One method for searching for a longest prefix match for a key is through the use of a binary tree search. A binary tree search matches a 32-bit input bit by bit down to 32 levels, requiring 32 searches to finding the entry matching the 32-bit key. Another method for searching for a match is through the use of a Patricia tree. A Patricia tree reduces the number of searches required if there are no entries down a leaf of the binary tree.

Yet another method for efficiently searching for a next hop associated with an IP destination address is described in PCT application Serial Number PCT/SE98/00854 entitled “Method and System for Fast Routing Lookups” by Brodnick et al. filed on May 11, 1998. The method described by Brodnick reduces the number of next hops stored by not storing duplicate routes. By reducing the number of next hops, the memory requirement is reduced so that a route lookup table can be stored in fast cache memory.

Brodnick et al. divides the binary tree into 3-levels. Dividing the binary tree into 3-levels reduces the number of searches to three. The indexed entry in the first level indicates whether the search can end at the first level with the route taken from the entry, or the search must continue to a subsequent level using a further portion of the IP destination address.

FIG. 1A illustrates a prior art 64K (65536) bit map representing the first level of a binary tree. A 64K bit map 30 represents the leaves or nodes 44 of the binary tree at depth 16, with one bit per node 44. The bit map is divided into bit-masks of length 16. There are 212=4096 bit masks in the 64 k bit map. One bit mask is shown in FIG. 1A. A bit in the bit map 30 is set to ‘1’ if there is a subtree or a route index stored in an array of pointers corresponding to the node 44. A bit in the bit map 30 is set to ‘0’ if the node shares a route entry with a previous node 44.

FIG. 1B illustrates prior art lookup table implemented in cache memory. The lookup table includes an array of code words 36, an array of base indexes 34 and a map table 40. A 32-bit IP address 38 is also shown in FIG. 1B. A codeword 46 is stored in the array of code words 36 for each bit mask in the bit map 30 (FIG. 1A). The code word 46 includes a six-bit value 46 a and a 10-bit offset 46 b. A base index 42 is stored in the array of base indexes 34 for every four code words 46 in the array of code words 36.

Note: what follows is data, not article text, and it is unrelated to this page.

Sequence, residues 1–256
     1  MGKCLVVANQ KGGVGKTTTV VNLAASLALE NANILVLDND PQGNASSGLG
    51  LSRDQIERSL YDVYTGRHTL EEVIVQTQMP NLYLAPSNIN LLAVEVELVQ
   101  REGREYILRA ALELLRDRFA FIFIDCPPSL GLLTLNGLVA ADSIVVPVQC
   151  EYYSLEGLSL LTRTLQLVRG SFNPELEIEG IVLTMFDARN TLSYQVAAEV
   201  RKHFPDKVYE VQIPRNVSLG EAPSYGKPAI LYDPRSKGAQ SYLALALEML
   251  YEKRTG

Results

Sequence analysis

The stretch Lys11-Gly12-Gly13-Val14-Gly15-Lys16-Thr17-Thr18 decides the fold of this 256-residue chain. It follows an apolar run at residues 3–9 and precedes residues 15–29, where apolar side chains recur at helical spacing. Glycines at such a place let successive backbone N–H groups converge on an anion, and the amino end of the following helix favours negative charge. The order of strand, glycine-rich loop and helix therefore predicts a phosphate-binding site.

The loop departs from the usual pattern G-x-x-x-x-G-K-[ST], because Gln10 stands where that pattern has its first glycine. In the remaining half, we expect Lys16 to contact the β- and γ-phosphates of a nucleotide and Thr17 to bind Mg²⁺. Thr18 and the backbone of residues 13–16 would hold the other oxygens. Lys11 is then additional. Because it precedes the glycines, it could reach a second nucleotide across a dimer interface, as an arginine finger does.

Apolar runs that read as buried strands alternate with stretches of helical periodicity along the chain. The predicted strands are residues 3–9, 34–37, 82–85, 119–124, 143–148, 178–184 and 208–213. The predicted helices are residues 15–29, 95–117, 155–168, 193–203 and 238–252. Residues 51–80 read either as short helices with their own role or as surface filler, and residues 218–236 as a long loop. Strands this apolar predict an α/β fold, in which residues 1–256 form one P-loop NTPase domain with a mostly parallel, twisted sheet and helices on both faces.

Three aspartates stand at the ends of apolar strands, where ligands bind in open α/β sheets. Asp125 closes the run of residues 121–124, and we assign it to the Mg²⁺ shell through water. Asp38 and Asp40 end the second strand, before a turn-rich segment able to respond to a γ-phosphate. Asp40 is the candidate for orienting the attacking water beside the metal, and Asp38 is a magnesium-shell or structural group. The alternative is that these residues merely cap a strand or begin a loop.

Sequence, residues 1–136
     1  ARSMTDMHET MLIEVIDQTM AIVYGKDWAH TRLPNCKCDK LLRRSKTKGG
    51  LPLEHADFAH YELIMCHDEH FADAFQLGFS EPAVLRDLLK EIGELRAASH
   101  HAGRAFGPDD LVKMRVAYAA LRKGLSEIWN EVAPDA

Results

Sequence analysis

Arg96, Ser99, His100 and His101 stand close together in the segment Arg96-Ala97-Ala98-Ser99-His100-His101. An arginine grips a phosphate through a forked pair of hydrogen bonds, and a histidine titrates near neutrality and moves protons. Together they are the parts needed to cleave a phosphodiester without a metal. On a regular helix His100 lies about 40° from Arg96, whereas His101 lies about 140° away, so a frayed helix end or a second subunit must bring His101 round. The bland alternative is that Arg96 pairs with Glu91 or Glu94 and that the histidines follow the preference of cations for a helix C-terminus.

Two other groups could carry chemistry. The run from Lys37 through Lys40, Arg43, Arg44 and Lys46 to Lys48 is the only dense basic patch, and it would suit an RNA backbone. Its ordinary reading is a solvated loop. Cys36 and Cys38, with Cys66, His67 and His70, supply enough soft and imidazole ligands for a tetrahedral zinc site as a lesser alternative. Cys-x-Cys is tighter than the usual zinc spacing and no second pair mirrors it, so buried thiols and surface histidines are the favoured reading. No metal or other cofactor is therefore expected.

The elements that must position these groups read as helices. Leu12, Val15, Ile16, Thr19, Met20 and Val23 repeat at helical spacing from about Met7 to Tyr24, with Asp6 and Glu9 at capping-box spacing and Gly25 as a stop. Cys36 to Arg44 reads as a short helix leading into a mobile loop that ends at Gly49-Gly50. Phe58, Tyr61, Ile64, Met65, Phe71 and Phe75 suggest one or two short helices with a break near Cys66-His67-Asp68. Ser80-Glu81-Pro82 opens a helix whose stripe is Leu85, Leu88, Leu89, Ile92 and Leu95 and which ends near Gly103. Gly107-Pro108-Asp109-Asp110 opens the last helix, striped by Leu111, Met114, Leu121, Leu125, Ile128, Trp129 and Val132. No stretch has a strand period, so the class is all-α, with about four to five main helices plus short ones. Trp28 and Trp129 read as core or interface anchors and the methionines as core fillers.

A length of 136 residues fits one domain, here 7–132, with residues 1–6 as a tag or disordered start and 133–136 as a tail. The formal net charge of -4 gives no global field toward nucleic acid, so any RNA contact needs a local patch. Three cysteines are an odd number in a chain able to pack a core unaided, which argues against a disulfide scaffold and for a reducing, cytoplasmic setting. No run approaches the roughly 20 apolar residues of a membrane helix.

The array of code words 36, array of base indexes 34 and map table 40 are used to select a pointer in an array of pointers (not shown). The pointer stores a route index or an index to perform a further search.

A group of pointers in the array of pointers is selected by selecting a code word 46 in the array of code words 36 and a base index 42 in the array of base indexes 34. The code word 46 is selected using the first 12 bits 50 of the IP address 38. The base index 42 is selected using the first 10 bits 48 of the IP address 38. The correct pointer in the group of pointers is selected using the map table 32.

The 10-bit value 46 b in the selected code word 36 is an index into the map table 32. The map table 32 maps bit numbers within a bit-mask to 4-bit offsets. The offset specifies the pointer within the selected group of pointers in the array of pointers. The 110-bit value 46 b selects the row in the map table 32 and bits 19:16 of the IP address 52 selects the 4-bit offset 54.